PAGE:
President Obama’s recent proposal to pay tuition of many community college students thrusts the cost of college front and center again. It’s a popular topic as college acceptances draw attention nationwide, followed by the topic of how to pay for them.
Research reveals that Catholic colleges boast they keep costs down when they use student loans prudently. One reason is that graduates of Catholic colleges are more likely to complete a four-year degree in four years. Michael Galligan-Stierle, head of the Association of Catholic Colleges and Universities, says that “A key factor here is the higher proportion of students at Catholic institutions who earn their degree in just four years (45 percent vs. just 21 percent at public universities), saving an enormous amount of money in tuition and living cost. In fact,” he writes looking at one survey, “our four-year graduation rate beat the public college sector’s six-year graduation rate,” that stands at 40 percent.
With concern for college loans on the increase, some moral questions arise. What is a reasonable loan burden for a graduate to carry? Research shows that the average loan burden upon graduation is $26,000 and on the increase. Loans can reach into the six-figures. A burden of $150,000 for a loan for Harvard Law School might be reasonable if the Harvard law degree guarantees a $160,000 law salary. However, most law degrees will not guarantee such a salary upon graduation. This suggests that college advisers have a moral obligation to talk facts with would-be borrowers so they know how long it will take to pay back loans (a good average is ten years).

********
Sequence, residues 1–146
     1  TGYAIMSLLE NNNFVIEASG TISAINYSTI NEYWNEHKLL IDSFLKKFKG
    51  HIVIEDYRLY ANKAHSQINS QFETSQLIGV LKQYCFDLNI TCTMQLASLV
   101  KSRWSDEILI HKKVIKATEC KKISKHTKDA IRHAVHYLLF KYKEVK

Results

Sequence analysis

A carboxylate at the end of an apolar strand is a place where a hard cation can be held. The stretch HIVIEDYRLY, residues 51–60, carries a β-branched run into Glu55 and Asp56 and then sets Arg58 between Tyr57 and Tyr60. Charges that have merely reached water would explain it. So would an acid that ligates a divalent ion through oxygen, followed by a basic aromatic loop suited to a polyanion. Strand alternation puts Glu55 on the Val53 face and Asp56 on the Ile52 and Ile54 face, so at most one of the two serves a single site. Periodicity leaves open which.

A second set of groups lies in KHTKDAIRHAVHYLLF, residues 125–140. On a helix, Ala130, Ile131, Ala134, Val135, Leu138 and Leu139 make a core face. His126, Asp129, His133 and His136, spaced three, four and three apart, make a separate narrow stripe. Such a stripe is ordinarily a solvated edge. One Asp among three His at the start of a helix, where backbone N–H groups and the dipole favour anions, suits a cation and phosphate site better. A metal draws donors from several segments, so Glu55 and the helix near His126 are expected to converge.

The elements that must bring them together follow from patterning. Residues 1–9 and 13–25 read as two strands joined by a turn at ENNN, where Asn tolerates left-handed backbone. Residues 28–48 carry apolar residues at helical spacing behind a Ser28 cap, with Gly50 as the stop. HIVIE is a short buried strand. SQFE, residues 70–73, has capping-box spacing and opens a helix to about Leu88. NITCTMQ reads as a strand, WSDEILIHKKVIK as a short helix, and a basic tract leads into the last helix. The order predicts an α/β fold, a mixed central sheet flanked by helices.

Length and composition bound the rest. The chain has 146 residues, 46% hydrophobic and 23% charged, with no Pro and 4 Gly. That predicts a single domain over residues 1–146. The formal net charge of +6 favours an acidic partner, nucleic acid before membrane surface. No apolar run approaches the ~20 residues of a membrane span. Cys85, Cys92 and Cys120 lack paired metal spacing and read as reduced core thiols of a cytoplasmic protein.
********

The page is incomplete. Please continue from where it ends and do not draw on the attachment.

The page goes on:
Overall, colleges also might consider ways to cut costs, which obviously stand as a way to lower debt. This includes more emphasis overall on two-year, community colleges, which cost less; living off campus, even at home instead of in a college dorm; cutting frills in college programs (even food platters at faculty meetings if they affect tuition costs, suggests Patricia McGuire, president of Trinity Washington University.)
College loans even effect vocation recruitment. There is an increase in the age of men and women entering religious orders. Few now enter religious orders right after high school. Orders that already stand financially strapped cannot afford to assume aspirants’ college loans when they accept them as members. The average priest ordained last year carried just over $20,000 in educational debt. For those who professed perpetual vows in religious life last year, the average amount of educational debt was just over $15,000. Some Catholic philanthropies, such as the Knights of Columbus, seek creative responses to make it easier for aspirants to pursue religious vocations.
Money is not the only thing to consider in decision-making. Certainly where a student goes to school can (but does not guarantee) influence over choice of a marriage partner and friends who live in line with particular religious and social beliefs.
And sometimes high tuition is worth it. Some noble, low-income fields, including education and social services, need well-qualified staff, and that may mean high tuition.
But students (like their parents) still need guidance on not spending beyond their means. Recruiters need to draw as many students as possible, of course, but the important moral question of how much tuition debt is justified cannot be dismissed by Catholic colleges, especially by their admissions and financial aid counselors.